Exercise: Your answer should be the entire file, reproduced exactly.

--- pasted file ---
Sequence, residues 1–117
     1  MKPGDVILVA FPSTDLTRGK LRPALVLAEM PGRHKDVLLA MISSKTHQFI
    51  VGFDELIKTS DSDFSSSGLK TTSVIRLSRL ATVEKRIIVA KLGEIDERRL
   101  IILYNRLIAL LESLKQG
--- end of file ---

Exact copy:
Sequence, residues 1–117
     1  MKPGDVILVA FPSTDLTRGK LRPALVLAEM PGRHKDVLLA MISSKTHQFI
    51  VGFDELIKTS DSDFSSSGLK TTSVIRLSRL ATVEKRIIVA KLGEIDERRL
   101  IILYNRLIAL LESLKQG